A Moveable Feast
How St. Louisan Danny Meyer came to own NYCs dining scene.
“Restaurateurs’ two most compelling issues are serving quality food and welcoming people with hospitality,” says Danny Meyer, who left St. Louis to pursue international politics and wound up becoming a leading figure in New York’s hospitality industry. “You can do that anywhere, from a bowling alley to a four-star restaurant.” Although he’s yet to open a 10-pin venue, the CEO of Union Square Hospitality Group definitely practices what he preaches. Granted, when I caught up with Meyer in August, his restaurant, Eleven Madison Avenue, had just claimed his first four-star review from The New York Times.
To New York diners and critics, this recent distinction comes as no surprise. His first concept, Union Square Café, which he opened in 1985 at age 27, has become an established favorite on the New York dining scene, and Meyers’ other fine-dining concepts—Gramercy Tavern, Tabla and The Modern (inside MOMA, which immediately earned a Michelin star and won Meyer the James Beard award for best new restaurant in the country)— are splurge-worthy destinations for New Yorkers as
well as foodie tourists from around the world.
Despite his booming businesses, he remains a customer driven operator. For this, he credits his parents’ Clayton restaurants and travel companies, through which he honed his knowledge of European cuisines and, while working as a 20-year-old tour guide, learned first-hand the importance of pleasing his guests. Instead of adapting to New York as a fledgling restaurateur, he says, “acting like a St. Louisan in a big city that was otherwise not hospitable was an enormous advantage for me and for Union Square Café.”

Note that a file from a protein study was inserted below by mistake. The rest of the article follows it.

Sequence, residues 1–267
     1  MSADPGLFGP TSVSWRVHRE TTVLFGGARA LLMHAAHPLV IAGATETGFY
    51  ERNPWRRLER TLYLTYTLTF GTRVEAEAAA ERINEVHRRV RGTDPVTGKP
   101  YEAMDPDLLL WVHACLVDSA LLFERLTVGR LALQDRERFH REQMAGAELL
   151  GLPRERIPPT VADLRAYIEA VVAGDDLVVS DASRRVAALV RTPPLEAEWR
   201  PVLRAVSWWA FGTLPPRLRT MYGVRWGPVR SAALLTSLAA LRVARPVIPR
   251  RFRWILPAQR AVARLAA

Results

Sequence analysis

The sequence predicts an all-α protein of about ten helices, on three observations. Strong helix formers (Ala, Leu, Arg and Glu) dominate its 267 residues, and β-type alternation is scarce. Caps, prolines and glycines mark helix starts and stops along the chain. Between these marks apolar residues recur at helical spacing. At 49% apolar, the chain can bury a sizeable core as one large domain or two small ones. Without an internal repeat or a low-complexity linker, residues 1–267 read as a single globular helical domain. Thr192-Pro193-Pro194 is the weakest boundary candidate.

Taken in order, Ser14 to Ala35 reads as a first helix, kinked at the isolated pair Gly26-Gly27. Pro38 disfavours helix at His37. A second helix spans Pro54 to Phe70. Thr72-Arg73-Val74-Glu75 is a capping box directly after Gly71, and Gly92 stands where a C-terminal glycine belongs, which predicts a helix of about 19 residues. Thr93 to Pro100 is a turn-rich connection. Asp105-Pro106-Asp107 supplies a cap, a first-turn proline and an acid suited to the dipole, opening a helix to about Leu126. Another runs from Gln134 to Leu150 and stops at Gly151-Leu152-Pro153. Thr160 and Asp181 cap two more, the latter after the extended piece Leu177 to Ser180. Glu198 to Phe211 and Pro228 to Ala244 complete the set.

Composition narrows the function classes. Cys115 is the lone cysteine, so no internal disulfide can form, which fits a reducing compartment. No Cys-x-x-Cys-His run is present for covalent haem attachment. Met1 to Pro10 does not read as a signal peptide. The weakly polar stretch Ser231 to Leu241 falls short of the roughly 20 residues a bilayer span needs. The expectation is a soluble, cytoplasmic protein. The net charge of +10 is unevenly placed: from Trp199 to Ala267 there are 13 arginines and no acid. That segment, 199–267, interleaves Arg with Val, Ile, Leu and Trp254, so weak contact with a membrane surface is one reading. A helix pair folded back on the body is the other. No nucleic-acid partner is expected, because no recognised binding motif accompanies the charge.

Buzz is building about his newest concept, an Italian trattoria called Maialino, opening next month in the Gramercy Park Hotel. Here’s hoping he brings his next hot concept to his hometown.
ALIVE: Growing up in St. Louis, your parents owned a travel company, group tour business and the Seven Gables Inn. Did you always think you would enter the hospitality industry?
Danny Meyer: No, I don’t think anyone my age really did, because it was not really considered a validated career choice if your path had been going to a nice high school and an East Coast liberal arts college. I really thought I might end up being a lawyer because I had been a political science major, and what you do with that is become an attorney if you really want to go into politics— you don’t think about going into the restaurant business. It was really on the eve of taking the LSAT that I hit a wall and said to myself, “You actually don’t want to be an attorney. Why don’t you do what you love?” It was hard to tell my parents that I wanted to get into the restaurant business. “Is that why we sent you to John Burroughs?” I reminded them that when I was at John Burroughs I had taken home economics with all the girls!
ALIVE: When did you decide to make the move to New York?
DM: I had gone to Trinity College in Hartford, Connecticut, and there’s not a lot going on in Hartford, so many, many weekends, I would make a road trip down to New York. I just fell in love with the city. I caught the bug. I wanted to live here for a year starting in 1980, and that turned into a lifetime.
ALIVE: How did your first restaurant come to be?
DM: I opened my first restaurant, Union Square Café, in 1985 when I was 27, with no expectation that I would like it, no expectation that it would work, no expectation that I would stay in the business, and certainly no expectation that I would ever do anything beyond Union Square Café.
ALIVE: You’ve added so many restaurants since then—Gramercy Tavern in 1994, Eleven Madison Park and Tabla in 1998, The Modern at the Museum of Modern Art in 2004—but they’re different from Blue Smoke, your barbeque restaurant, which opened in 2002.